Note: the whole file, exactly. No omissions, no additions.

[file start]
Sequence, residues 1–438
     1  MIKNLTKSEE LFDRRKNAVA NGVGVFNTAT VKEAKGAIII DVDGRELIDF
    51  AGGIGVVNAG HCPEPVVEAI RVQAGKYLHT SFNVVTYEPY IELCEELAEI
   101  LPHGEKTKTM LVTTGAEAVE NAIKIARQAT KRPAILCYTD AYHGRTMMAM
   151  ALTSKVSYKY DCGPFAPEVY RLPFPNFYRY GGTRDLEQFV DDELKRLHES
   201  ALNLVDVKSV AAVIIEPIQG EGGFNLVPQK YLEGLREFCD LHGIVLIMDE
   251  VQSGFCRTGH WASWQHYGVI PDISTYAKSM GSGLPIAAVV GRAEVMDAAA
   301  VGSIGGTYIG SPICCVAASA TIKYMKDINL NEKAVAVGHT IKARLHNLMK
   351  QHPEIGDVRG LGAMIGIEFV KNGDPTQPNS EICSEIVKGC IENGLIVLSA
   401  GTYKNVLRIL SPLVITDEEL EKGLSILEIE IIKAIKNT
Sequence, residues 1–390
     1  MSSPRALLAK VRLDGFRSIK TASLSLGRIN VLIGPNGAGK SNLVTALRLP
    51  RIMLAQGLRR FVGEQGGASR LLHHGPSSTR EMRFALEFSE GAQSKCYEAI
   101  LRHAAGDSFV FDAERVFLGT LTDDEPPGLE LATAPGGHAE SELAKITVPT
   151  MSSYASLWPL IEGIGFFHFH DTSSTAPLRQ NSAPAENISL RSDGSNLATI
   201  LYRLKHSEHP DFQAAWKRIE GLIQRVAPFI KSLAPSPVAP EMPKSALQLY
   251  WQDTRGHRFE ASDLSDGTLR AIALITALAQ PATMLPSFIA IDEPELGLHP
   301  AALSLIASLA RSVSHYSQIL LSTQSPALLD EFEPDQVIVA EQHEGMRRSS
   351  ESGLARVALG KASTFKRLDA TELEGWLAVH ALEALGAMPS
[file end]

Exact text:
Sequence, residues 1–438
     1  MIKNLTKSEE LFDRRKNAVA NGVGVFNTAT VKEAKGAIII DVDGRELIDF
    51  AGGIGVVNAG HCPEPVVEAI RVQAGKYLHT SFNVVTYEPY IELCEELAEI
   101  LPHGEKTKTM LVTTGAEAVE NAIKIARQAT KRPAILCYTD AYHGRTMMAM
   151  ALTSKVSYKY DCGPFAPEVY RLPFPNFYRY GGTRDLEQFV DDELKRLHES
   201  ALNLVDVKSV AAVIIEPIQG EGGFNLVPQK YLEGLREFCD LHGIVLIMDE
   251  VQSGFCRTGH WASWQHYGVI PDISTYAKSM GSGLPIAAVV GRAEVMDAAA
   301  VGSIGGTYIG SPICCVAASA TIKYMKDINL NEKAVAVGHT IKARLHNLMK
   351  QHPEIGDVRG LGAMIGIEFV KNGDPTQPNS EICSEIVKGC IENGLIVLSA
   401  GTYKNVLRIL SPLVITDEEL EKGLSILEIE IIKAIKNT
Sequence, residues 1–390
     1  MSSPRALLAK VRLDGFRSIK TASLSLGRIN VLIGPNGAGK SNLVTALRLP
    51  RIMLAQGLRR FVGEQGGASR LLHHGPSSTR EMRFALEFSE GAQSKCYEAI
   101  LRHAAGDSFV FDAERVFLGT LTDDEPPGLE LATAPGGHAE SELAKITVPT
   151  MSSYASLWPL IEGIGFFHFH DTSSTAPLRQ NSAPAENISL RSDGSNLATI
   201  LYRLKHSEHP DFQAAWKRIE GLIQRVAPFI KSLAPSPVAP EMPKSALQLY
   251  WQDTRGHRFE ASDLSDGTLR AIALITALAQ PATMLPSFIA IDEPELGLHP
   301  AALSLIASLA RSVSHYSQIL LSTQSPALLD EFEPDQVIVA EQHEGMRRSS
   351  ESGLARVALG KASTFKRLDA TELEGWLAVH ALEALGAMPS